How does youth coaching work?

It is important to first discuss with the young person their options and find out if they would like to consider visiting a youth coach. There will be an initial meeting, if in school or the home there needs to be a room that a confidential conversation can take place.

After attending an initial meeting, the young person will be invited to attend a series of sessions, often varying between 6 and 12 sessions. Each session will last between 30-minutes to an hour. During the sessions, then I will ask a selection of questions to get an idea of where any problems lie, establish what kind of attitudes and values the young person holds and work out what actions are needed for them to move forward.

For the young person:

This works but talking to me in person and building trust over time. The young person will get to communicate with me what they issues are and what they want to work on for themselves. Some of the issues will be simple and some will be more complex and difficult to resolve. All sessions are one to one, confidential and within relaxed surroundings.

For the Parent/Guardian

I will meet the parent/ guardian in person and describe how the sessions will work. There will be an agreement of confidentiality while I am working with the young person, unless I think there is a risk to safety.

Parents/guardians may feel that they know the issue the young person will want to work on.  However the young person may present a totally different issue. Or there may be other problems/challenges that may need to be dealt with before we get to the root of the problem.

Working together we can achieve positive changes and success for your teenagers.

With my knowledge, and guidance I can help and support teenagers to be happier, healthier and enjoy these exciting years!


Youth coaching methods

I will use a variety of ways, personalised to the young person after we have met to coach them, however some common youth coaching methods include:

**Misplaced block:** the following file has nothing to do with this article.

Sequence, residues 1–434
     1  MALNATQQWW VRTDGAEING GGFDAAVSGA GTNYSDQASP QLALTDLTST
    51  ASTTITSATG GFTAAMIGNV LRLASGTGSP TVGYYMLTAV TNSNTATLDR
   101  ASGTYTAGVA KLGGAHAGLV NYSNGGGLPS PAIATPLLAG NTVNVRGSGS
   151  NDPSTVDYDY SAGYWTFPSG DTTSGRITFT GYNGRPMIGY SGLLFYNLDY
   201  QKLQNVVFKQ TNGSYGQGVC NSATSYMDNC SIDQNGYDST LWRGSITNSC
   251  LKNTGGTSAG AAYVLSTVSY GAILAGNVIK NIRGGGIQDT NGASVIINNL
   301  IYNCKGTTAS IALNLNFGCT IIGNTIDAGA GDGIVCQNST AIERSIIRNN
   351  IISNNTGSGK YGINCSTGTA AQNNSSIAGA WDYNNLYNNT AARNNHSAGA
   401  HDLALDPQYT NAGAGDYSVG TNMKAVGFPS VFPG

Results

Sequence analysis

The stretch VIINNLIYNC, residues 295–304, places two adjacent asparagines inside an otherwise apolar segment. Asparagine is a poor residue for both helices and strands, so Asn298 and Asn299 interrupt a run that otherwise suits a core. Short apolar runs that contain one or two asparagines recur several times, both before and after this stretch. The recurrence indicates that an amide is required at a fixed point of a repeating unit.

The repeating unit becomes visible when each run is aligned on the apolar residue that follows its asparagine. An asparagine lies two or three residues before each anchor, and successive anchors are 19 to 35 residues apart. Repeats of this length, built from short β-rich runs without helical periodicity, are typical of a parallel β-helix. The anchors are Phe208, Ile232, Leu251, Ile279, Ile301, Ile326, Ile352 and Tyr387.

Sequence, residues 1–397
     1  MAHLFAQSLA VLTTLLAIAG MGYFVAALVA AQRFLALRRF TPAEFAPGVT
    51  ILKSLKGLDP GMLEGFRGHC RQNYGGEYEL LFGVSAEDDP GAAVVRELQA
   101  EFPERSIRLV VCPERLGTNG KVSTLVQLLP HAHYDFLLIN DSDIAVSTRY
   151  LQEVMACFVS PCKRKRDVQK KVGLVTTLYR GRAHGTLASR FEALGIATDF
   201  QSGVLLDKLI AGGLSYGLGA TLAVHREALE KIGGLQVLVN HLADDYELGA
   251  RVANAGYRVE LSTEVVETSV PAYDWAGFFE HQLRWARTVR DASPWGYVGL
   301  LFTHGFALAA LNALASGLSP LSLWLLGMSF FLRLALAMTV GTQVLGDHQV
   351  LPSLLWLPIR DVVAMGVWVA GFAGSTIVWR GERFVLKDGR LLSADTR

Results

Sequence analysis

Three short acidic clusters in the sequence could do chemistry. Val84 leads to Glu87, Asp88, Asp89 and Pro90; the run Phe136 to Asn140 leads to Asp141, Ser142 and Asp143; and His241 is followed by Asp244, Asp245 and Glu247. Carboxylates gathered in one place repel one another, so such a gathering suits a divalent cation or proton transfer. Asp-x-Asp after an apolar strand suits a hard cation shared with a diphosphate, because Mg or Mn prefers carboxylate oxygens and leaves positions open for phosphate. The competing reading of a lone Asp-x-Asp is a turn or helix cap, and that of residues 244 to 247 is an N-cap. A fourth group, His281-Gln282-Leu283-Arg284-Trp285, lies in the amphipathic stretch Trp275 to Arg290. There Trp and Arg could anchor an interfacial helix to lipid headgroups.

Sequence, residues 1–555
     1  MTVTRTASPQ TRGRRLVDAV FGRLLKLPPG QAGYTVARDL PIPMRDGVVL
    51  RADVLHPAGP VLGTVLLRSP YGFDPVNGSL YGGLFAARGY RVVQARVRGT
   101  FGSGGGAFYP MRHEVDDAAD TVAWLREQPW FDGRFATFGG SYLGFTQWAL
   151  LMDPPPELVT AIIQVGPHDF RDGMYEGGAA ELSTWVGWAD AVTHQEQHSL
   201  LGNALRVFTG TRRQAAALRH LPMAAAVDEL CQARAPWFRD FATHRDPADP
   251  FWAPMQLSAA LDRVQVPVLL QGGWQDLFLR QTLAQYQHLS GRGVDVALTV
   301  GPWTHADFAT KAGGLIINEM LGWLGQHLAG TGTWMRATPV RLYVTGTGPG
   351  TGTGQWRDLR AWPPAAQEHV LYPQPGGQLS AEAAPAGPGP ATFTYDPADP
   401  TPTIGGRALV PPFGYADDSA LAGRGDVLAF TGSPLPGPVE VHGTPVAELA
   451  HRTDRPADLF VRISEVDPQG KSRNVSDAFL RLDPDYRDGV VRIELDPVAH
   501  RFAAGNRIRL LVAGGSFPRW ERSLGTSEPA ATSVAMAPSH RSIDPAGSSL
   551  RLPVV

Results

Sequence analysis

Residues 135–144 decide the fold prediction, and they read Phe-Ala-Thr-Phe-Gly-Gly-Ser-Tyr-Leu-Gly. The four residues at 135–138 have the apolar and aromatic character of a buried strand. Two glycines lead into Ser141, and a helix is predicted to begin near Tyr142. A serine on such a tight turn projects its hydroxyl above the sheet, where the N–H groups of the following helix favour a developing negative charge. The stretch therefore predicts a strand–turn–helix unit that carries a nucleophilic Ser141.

Interviewing / therapeutic conversations – It sounds scary but, actually, it is just an opportunity for the young person to talk and the coach to get as much information as possible. I will ask carefully phrased questions designed to get the client talking. I will consider the young person’s responses and body language to build a strong relationship and develop a richer understanding of the problem.

Journaling – Sometimes writing things down helps people to express the feelings they find difficult to put into words. Clients are encouraged to get into the habit of journaling their thoughts, feelings and worries instead of holding them in, this can also include sketching and art work.

Activities / Games – I may use light-hearted activities and exercises to build a strong, trusting relationship with the client. This method is often used to allow the young person to express their concerns on subjects they find too difficult to discuss during the interview method.

I will generally offer face-to-face sessions but can be contactable by clients via email if appropriate.

How is youth coaching different from youth counselling?

One difference between youth counselling and youth coaching is that counselling will investigate the underlying causes of mental health problems. Youth coaching focuses more so on the future, to encourage personal-development and self-improvement. The strategies used are often derived from solution- focussed counselling strategies.

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